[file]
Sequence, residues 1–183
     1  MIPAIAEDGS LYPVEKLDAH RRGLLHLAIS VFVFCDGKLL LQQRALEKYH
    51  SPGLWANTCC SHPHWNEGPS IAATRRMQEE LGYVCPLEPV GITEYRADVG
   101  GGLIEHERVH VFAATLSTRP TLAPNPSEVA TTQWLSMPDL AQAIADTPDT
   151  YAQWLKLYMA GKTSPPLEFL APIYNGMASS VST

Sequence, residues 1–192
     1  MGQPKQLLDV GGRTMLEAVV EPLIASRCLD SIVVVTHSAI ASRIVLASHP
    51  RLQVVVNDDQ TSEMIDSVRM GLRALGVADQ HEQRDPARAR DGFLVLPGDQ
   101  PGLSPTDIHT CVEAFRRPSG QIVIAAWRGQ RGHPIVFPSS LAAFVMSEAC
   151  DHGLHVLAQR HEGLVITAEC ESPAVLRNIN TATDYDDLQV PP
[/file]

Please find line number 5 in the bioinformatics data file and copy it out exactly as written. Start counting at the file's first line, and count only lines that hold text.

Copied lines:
   151  YAQWLKLYMA GKTSPPLEFL APIYNGMASS VST